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At times, abuse within relationships can manifest in cyclical patterns, making it difficult for us to recognise and address. The cycle of abuse typically encompasses four distinct stages: tension, incident, reconciliation, and calm. While not every abusive relationship follows this exact sequence, understanding these stages can shed light on the dynamics at play. 

It should also be noted that abusive relationships may also, or alternatively be marked by the use of; 

  • controlling behaviour 
  • physical violence 
  • sexual assault 
  • emotional abuse 
  • stalking 
  • technology-facilitated abuse 
  • financial abuse. 

A widely use tool to identify domestic and family violence is to look at the Duluth Power and Control Wheel. 

Stages of Our Cycle of Abuse 

Tension: Our cycle often begins with a build-up of tension, marked by emotional outbursts, irritability, and impatience. External stressors may exacerbate this tension, leading our abusive partner to seek control within the relationship. 

Incident: As tension peaks, it may culminate in an abusive incident characterised by intimidation, verbal attacks, physical violence, or other forms of coercion. This stage is where our abusive partner exerts power and control over us. 

Reconciliation: Following the incident, our abusive partner may express remorse and make efforts to reconcile. Apologies, affectionate gestures, and promises of change may temporarily ease tensions and prompt forgiveness from us. 

Calm: The cycle seemingly concludes with a period of calm, during which the abusive behaviours may subside, and the relationship appears harmonious. However, underlying issues remain unresolved, setting the stage for the cycle to repeat.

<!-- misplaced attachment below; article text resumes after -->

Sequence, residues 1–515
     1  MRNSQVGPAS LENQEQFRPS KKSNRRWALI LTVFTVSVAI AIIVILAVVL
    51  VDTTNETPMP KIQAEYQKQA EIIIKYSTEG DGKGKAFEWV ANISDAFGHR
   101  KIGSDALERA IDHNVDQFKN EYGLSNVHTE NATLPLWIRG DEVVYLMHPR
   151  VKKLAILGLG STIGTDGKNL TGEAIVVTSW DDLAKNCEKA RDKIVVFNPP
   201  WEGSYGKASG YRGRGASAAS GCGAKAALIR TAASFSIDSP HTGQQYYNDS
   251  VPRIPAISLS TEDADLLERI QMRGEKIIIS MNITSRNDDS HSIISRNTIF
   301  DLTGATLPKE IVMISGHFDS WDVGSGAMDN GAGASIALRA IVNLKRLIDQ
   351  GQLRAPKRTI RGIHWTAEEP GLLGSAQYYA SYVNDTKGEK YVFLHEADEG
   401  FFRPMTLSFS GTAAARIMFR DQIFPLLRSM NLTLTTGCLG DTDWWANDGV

Breaking Our Cycle 

While breaking free from the cycle of abuse may seem daunting, it is possible with the right support and resources. Seeking help from trusted friends, family members, or mental health professionals can provide invaluable guidance and validation. 

Rebuilding Your Confidence: Reclaiming our self-confidence is essential to breaking free from abusive relationships. Engaging in activities that bring us joy, reconnecting with loved ones, and investing in personal growth can bolster our self-esteem and resilience. 

Seeking Intervention: Recognising that exiting an abusive relationship may require outside intervention is crucial. Support services, shelters, and helplines are available to provide assistance and safety planning.

How A Psychologist Can Help

  1. Education and Awareness: Knowledge is power. We help you understand the dynamics of abusive relationships and recognise the signs of abuse (e.g. via the Duluth Power and Control Wheel), empowering you to make informed decisions about your well-being. 
  2. Safety Planning: Safety is our top priority. We work closely with you to develop personalised safety plans, including strategies for identifying and avoiding potential triggers, establishing support networks, and accessing emergency resources.
  3. Emotional Support: Healing from the trauma of abuse requires compassion and empathy. We provide a safe and supportive space for you to process emotions, validate your experiences, and rebuild self-esteem.


Abuse takes various forms and can occur in cycles, perpetuating harmful patterns of behaviour. By understanding the types and stages of the cycle of abuse and accessing support resources, we can take steps towards ending the cycle and prioritising our well-being.

Remember: You are not alone, and help is available. Reach out to us today to begin your journey toward healing and empowerment.

One of the major sources of assistance is the 1800 Respect support service; you can 

Or for Police, call 131 444  

In life-threatening situations, call triple zero – 000 

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